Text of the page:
By MG Sielger
The timing of Google’s announcement of Chrome OS was curious. I don’t mean the fact that Google (NASDAQ:GOOG) moved up the post on it by a day when some details leaked out, I mean the fact that they were announcing it on some seemingly random date in July, well before anything is actually ready to show off. Now, we likely know why.
On Monday, Microsoft (NASDAQ:MSFT) is set to unveil its plans to counter the attack Google previously had launched on it with Google Docs. Yes, Microsoft Office is going to the cloud. This is something which we all knew was eventually coming, and there is already some limited functionality, but the full details will pour out Monday at Microsoft’s Worldwide Partner Conference in New Orleans. You can expect the new version of Office, that syncs with the cloud, and the ability to use it in the cloud without any software as well.
Almost immediately following the Chrome OS announcement, Robert Scoble took to his favorite home on the web, FriendFeed, to have one of his, I-know-something-you-don’t-know “discussions.” During the course of those “discussions,” Scoble gave dropped quite a few hints about what Microsoft planned to announce on Monday, including “Diego, no, it’s one of Microsoft’s primary businesses. Did you know Microsoft has 14 billion dollar businesses?” Guess what that is? Microsoft Office.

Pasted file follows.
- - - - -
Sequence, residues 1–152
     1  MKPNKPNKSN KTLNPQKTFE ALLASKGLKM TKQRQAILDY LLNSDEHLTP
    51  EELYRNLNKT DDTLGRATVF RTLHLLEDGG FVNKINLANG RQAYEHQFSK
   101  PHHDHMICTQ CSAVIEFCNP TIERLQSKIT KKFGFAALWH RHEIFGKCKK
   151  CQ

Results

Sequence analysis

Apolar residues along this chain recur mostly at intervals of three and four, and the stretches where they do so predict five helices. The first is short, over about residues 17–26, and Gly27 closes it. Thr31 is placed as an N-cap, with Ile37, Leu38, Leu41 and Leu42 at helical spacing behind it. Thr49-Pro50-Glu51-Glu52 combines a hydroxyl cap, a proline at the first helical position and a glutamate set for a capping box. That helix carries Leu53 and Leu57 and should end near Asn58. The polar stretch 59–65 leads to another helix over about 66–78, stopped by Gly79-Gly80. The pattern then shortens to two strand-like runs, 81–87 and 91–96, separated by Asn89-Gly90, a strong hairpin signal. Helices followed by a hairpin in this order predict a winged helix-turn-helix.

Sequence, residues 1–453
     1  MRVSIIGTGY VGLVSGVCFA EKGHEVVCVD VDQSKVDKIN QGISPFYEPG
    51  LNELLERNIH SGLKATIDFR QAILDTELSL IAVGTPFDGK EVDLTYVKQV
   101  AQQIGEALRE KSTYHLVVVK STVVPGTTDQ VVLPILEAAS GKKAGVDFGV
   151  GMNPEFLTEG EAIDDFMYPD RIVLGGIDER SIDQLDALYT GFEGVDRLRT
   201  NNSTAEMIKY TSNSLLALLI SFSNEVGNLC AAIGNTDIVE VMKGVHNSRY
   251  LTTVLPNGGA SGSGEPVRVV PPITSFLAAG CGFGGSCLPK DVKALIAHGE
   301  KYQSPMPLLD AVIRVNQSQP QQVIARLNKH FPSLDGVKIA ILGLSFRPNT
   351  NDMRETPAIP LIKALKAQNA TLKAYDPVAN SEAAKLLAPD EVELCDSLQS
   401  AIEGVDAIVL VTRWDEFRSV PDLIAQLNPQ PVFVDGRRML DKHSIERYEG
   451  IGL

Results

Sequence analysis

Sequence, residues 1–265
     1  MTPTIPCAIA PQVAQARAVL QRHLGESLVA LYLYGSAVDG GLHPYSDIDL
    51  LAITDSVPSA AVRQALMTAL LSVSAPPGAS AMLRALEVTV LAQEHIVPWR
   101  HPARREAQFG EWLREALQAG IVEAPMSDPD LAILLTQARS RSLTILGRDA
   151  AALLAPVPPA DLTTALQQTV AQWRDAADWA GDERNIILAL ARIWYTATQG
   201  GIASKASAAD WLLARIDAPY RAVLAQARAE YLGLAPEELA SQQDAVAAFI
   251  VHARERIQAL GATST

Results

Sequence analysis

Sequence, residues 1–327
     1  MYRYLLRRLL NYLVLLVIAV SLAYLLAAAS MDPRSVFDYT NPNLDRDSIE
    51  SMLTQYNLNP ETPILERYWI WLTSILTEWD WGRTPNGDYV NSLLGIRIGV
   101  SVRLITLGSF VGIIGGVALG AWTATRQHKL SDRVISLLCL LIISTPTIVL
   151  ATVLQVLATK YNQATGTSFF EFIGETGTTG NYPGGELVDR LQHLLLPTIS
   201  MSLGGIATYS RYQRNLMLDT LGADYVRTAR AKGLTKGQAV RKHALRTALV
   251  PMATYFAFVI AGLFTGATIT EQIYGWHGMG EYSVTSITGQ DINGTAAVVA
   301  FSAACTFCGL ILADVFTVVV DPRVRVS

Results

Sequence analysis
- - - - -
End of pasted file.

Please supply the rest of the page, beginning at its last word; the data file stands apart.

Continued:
It doesn’t take a genius to put two and two together. And several bloggers already have. And it was especially easy after Scoble ruled out the new browser project Microsoft has code-named “Gazelle.” Scoble also noted that what Microsoft was showing off would run in browsers beyond just IE.
So yes, it’s Office Web that was first talked about at PDC last year.
And it’s possible that Microsoft could unveil that this new web-based Office will reside and the great domain, office.com. That site is clearly going through a transition to new ownership right now, and that would make a lot of sense.
Office is obviously the 900-pound gorilla that Google is attempting to slay with Google Docs, but a 900-pound gorilla with a matching web offering will be a lot tougher. And that’s likely why Google wanted to get its own uppercut in first this week. And it’s a strong one. But now Microsoft is going to have to come up with some answers to how it can counter Chrome OS, rather than focus on talking about the new Office.